Using mutable array after an unsafeFreezeArray, and GC details

Edward Z. Yang ezyang at
Fri May 9 06:06:45 UTC 2014

Hello Brandon,

Excerpts from Brandon Simmons's message of 2014-05-08 16:18:48 -0700:
> I have an unusual application with some unusual performance problems
> and I'm trying to understand how I might use unsafeFreezeArray to help
> me, as well as understand in detail what's going on with boxed mutable
> arrays and GC. I'm using the interface from 'primitive' below.
> First some basic questions, then a bit more background
> 1) What happens when I do `newArray s x >>= \a-> unsafeFreezeArray a
> >> return a` and then use `a`? What problems could that cause?

Your code as written wouldn't compile, but assuming you're talking about
the primops newArray# and unsafeFreezeArray#, what this operation does
is allocate a new array of pointers (initially recorded as mutable), and
then freezes it in-place (by changing the info-table associated with
it), but while maintaining a pointer to the original mutable array.  Nothing bad
will happen immediately, but if you use this mutable reference to mutate
the pointer array, you can cause a crash (in particular, if the array
makes it to the old generation, it will not be on the mutable list and
so if you mutate it, you may be missing roots.)

> 2) And what if a do a `cloneMutableArray` on `a` and likewise use the
> resulting array?

If you do the clone before freezing, that's fine for all use-cases;
if you do the clone after, you will end up with the same result as (1).

> Background: I've been looking into an issue [1] in a library in which
> as more mutable arrays are allocated, GC dominates (I think I verified
> this?) and all code gets slower in proportion to the number of mutable
> arrays that are hanging around.
> I've been trying to understand how this is working internally. I don't
> quite understand how the "remembered set" works with respect to
> MutableArray. As best I understand: the remembered set in generation G
> points to certain objects in older generations, which objects hold
> references to objects in G. Then for MutableArrays specifically,
> card-marking is used to mark regions of the array with garbage in some
> way.
> So my hypothesis is the slowdown is associated with the size of the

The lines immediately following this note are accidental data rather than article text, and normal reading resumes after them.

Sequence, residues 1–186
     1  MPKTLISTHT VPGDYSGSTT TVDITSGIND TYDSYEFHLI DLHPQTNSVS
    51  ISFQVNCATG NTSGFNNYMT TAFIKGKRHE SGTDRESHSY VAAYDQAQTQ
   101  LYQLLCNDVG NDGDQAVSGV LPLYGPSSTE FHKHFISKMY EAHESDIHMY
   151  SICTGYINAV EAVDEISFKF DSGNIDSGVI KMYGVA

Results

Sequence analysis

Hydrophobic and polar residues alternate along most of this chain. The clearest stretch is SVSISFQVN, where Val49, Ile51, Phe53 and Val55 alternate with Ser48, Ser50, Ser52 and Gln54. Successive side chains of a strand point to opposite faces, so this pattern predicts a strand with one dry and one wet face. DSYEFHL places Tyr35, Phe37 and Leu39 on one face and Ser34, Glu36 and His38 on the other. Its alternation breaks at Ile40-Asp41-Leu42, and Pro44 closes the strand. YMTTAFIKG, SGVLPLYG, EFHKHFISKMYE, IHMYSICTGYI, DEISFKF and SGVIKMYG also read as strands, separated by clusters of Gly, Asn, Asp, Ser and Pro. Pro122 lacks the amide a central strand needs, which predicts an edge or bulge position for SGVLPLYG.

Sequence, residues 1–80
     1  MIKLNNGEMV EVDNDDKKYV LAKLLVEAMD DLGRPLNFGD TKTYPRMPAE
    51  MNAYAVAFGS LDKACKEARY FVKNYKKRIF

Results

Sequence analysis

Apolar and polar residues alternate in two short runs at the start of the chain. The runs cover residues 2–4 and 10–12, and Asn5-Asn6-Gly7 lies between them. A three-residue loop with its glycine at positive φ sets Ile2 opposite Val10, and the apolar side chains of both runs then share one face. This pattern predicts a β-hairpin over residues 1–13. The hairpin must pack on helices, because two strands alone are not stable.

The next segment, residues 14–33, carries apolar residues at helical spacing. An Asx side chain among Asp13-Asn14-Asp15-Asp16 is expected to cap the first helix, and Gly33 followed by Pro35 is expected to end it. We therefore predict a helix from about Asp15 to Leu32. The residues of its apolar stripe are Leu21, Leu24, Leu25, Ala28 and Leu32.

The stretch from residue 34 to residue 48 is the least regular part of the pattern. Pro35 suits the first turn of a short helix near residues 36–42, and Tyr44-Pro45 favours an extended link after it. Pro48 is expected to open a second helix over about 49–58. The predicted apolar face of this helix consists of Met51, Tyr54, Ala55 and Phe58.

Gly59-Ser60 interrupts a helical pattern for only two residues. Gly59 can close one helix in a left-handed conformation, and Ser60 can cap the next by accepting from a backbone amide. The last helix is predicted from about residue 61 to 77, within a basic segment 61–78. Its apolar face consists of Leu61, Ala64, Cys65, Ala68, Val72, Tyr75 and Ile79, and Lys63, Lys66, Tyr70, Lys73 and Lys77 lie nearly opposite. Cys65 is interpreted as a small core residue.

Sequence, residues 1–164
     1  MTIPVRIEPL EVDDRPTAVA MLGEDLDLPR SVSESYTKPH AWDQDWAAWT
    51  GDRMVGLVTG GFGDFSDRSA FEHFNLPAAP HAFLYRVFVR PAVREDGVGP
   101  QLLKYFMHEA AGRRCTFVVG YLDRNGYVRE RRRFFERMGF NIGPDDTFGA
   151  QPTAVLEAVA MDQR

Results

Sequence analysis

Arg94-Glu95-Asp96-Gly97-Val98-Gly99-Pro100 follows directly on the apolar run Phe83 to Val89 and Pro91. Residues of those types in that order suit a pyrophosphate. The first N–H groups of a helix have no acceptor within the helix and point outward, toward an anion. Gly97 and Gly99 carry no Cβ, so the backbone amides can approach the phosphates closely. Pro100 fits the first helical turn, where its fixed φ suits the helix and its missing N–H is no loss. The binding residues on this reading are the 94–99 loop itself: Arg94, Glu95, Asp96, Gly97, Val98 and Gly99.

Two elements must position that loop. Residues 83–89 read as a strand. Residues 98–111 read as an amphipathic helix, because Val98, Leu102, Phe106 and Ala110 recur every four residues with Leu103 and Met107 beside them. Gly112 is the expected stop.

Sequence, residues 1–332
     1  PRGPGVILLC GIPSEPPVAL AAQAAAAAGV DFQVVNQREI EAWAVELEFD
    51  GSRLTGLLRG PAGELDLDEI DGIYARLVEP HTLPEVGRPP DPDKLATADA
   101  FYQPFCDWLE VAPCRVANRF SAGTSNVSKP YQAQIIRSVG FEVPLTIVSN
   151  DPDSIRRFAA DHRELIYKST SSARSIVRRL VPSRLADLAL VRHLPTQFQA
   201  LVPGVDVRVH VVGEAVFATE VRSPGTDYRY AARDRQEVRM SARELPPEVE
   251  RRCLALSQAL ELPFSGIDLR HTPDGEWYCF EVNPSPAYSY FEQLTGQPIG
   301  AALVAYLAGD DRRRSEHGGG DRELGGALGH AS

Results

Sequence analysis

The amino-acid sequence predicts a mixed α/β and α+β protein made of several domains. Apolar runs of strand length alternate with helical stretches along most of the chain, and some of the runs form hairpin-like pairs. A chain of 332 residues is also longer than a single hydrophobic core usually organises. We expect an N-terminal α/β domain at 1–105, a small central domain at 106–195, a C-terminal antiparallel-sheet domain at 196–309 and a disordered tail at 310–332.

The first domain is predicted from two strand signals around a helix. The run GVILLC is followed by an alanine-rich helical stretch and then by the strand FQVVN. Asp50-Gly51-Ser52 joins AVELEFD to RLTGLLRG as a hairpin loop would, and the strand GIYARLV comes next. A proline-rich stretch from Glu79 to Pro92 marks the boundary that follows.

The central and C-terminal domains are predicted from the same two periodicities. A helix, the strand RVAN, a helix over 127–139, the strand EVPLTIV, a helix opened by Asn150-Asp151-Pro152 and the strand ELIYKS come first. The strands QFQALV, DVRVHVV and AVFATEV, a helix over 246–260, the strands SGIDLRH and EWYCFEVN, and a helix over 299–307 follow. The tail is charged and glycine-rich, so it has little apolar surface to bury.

> remembered set, and whatever the GC has to do on it. And in my tests,
> freezing the array seems to make that overhead (at least the overhead
> proportional to number of arrays) disappear.

You're basically correct.  In the current GC design, mutable arrays of
pointers are always placed on the mutable list.  The mutable list of
generations which are not being collected are always traversed; thus,
the number of pointer arrays corresponds to a linear overhead for minor GCs.

Here is a feature request tracking many of the infelicities that our
current GC design has:
The upshot is that the Haskell GC is very nicely tuned for mostly
immutable workloads, but there are some bad asymptotics when your
heap has lots of mutable objects.  This is generally a hard problem:
tuned GC implementations for mutable languages are a lot of work!
(Just ask the JVM implementors.)

> Now I'm really lost in the woods though. My hope is that I might be
> able to safely use unsafeFreezeArray to help me here [3]. Here are the
> particulars of how I use MutableArray in my algorithm, which are
> somewhat unusual:
>   - keep around a small template `MutableArray Nothing`
>   - use cloneMutableArray for fast allocation of new arrays
>   - for each array only a *single* write (CAS actually) happens at each position
> In fact as far as I can reason, there ought to be no garbage to
> collect at all until the entire array becomes garbage (the initial
> value is surely shared, especially since I'm keeping this template
> array around to clone from, right?). In fact I was even playing with
> the idea of rolling a new CAS that skips the card-marking stuff.

I don't understand your full workload, but if you have a workload that
involves creating an array, mutating it over a short period of time,
and then never mutating it afterwards, you should simply freeze it after
you are done writing it.  Once frozen, the array will no longer be kept
on the mutable list and you won't pay for it when doing GC.  However,
the fact that you are doing a CAS makes it seem to me that your workflow
may be more complicated than that...


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